Formula One is the world’s most-watched annual sport and last year drew 352.3 million unique television viewers, according to an official statement from Formula One.
Several countries have tried to harness this reach and the sport’s push beyond its traditional European heartland into newer markets to advertise their credentials as tourism and business hubs.
But few have been able to match Singapore, Formula One’s first night race. The city state’s blend of glamour, spectacle and entertainment plus its standing as a major global business hub, has fast established the Singapore Grand Prix as a jewel in the sport’s crown.
“It’s been at the forefront of what we want our events to be,” said Formula One chief executive Chase Carey last September on the sidelines of the tenth edition of the race while announcing a four-year contract extension keeping Singapore on the calendar until 2021.
“A week-long celebration that has entertainment, information, a range of activities for people of all ages, of all types that really make it a week-long celebration with the race at the centre of it,” added the American.
Carey took over as Formula One’s Chief Executive from longtime commercial tsar Bernie Ecclestone last January, after Liberty Media acquired the sport’s commercial rights, and has talked of turning each grand prix into a ‘Superbowl-like’ event with a range of activities building up to Sunday’s race.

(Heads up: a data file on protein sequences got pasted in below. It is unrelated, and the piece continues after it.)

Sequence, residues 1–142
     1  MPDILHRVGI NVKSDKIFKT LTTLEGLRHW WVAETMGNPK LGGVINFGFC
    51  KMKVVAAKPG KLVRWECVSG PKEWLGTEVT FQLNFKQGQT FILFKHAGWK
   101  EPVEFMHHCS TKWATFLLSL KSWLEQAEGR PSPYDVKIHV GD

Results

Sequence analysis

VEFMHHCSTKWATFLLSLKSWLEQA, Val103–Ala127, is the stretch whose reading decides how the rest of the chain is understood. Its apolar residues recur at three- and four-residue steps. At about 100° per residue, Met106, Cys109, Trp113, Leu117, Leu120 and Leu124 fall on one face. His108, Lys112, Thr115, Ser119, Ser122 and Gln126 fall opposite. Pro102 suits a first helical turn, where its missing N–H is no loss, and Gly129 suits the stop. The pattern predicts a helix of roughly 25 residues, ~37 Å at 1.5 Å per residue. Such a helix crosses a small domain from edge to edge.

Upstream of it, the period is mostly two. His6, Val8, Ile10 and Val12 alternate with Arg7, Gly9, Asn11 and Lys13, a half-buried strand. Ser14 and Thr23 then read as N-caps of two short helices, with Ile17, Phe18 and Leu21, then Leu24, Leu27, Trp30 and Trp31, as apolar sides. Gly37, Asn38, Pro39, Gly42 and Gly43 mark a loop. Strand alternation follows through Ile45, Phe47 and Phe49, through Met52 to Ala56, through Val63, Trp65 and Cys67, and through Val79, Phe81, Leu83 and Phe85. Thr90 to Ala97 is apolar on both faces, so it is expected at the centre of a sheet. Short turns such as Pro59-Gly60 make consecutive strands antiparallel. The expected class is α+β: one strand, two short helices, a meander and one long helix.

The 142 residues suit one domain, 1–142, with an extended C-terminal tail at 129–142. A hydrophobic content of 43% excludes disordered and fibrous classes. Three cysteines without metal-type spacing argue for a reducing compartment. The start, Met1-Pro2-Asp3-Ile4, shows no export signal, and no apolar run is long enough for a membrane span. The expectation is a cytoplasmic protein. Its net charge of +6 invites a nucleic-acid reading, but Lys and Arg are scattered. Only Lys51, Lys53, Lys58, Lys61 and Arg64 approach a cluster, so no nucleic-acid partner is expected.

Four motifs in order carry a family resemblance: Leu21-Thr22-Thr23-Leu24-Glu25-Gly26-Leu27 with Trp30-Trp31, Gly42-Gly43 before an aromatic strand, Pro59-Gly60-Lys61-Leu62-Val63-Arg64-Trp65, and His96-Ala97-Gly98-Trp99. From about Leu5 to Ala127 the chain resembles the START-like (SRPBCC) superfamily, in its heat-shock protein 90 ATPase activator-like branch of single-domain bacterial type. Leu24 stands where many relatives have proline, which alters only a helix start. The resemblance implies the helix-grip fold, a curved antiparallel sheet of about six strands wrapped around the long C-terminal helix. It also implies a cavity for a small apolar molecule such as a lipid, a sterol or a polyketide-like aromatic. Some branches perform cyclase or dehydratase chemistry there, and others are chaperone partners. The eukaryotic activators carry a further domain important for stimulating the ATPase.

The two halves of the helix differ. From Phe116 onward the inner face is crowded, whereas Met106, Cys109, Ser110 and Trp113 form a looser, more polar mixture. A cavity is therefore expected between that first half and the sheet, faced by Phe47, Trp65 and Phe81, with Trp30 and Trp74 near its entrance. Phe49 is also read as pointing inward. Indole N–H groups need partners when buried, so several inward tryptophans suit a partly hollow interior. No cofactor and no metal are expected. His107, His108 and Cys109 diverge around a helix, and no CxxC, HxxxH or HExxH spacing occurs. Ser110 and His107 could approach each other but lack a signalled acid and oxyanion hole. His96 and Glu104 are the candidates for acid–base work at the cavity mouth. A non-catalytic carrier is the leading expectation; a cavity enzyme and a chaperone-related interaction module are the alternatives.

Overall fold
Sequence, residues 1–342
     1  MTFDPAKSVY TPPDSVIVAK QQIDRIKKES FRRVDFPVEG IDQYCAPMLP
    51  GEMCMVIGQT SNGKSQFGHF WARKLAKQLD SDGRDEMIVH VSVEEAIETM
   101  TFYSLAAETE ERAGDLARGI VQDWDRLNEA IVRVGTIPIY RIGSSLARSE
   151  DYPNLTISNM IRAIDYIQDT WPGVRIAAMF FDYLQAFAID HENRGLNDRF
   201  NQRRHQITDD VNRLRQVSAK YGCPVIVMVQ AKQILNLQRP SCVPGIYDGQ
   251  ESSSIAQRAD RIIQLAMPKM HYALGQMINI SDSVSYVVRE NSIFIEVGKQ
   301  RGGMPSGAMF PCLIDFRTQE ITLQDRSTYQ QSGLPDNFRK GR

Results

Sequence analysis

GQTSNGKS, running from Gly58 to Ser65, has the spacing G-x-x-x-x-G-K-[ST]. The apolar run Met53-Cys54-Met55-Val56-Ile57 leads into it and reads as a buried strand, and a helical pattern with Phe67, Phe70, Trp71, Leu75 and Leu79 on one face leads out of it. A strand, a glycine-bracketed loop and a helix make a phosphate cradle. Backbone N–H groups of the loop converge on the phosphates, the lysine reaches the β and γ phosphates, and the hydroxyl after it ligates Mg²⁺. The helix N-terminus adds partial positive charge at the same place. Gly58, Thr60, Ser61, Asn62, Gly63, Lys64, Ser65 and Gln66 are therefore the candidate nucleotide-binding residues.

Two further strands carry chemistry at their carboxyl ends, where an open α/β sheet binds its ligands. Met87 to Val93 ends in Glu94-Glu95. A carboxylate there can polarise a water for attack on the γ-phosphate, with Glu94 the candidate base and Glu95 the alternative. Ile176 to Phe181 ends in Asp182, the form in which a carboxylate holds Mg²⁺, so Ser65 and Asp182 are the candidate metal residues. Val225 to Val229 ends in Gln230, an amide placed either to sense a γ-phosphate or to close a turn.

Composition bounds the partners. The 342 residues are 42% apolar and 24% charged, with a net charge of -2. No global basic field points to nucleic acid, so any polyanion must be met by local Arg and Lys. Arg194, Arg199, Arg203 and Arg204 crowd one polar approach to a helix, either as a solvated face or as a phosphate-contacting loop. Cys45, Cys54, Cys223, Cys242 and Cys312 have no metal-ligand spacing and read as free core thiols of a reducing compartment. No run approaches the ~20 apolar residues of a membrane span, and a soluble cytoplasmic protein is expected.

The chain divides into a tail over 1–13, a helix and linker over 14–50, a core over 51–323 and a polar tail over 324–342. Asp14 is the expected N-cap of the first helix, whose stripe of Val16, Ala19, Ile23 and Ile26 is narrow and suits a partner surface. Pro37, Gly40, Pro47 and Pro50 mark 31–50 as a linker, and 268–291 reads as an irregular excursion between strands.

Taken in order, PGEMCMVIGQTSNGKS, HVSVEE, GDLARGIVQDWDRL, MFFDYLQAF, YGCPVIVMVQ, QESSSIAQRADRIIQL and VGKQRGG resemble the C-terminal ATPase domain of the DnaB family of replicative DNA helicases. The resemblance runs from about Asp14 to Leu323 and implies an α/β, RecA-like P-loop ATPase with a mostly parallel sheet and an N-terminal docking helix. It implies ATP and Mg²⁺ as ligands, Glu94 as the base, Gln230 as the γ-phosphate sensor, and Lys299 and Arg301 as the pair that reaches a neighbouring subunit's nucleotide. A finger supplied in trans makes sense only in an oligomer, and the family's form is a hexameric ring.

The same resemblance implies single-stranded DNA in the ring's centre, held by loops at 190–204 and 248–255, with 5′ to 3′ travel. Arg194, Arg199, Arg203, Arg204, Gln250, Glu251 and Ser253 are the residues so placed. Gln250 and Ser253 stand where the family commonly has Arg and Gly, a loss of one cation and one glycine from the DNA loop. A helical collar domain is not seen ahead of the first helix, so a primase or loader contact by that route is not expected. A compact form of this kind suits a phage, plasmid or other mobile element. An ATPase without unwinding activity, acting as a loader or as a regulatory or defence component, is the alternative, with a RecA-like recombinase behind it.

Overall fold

He held Singapore up as an example for newer races, especially potential candidates in Asia, as despite the country having a very small motorsport following when it first joined the calendar in 2008, ten years on it continues to thrive.
“Ultimately, Singapore provides everything Formula One would want,” James Walton, Sports Business Group Leader at Deloitte Singapore and Southeast Asia.
“A secure, safe location; an iconic track with the Singapore skyline; world-class hotels, restaurants and tourism venues; good travel logistics with the track being just 20 minutes from the airport and hotels surrounding it; a high net worth local audience and established status as a business destination; and a government that is easy to work with and makes doing business simple.”
The dazzling spectacle of cars racing through the heart of Singapore along an illuminated ribbon of road against a backdrop of the city state’s glittering skyline has been beamed onto the television sets of 780 million international viewers since the inaugural race, according to Singapore Tourism Board (STB) Director Jean Ng.
This, she said , has helped “showcase Singapore as a beautiful, vibrant and attractive destination to a global audience”.
A 2012 study by the Boston Consulting Group, commissioned by the Singapore government, found that 10 percent of the high net worth individuals polled who had watched the race on television said they were more likely to visit the city-state.
About 30 to 40 percent of them said they had an improved perception and awareness of Singapore after having watched the race.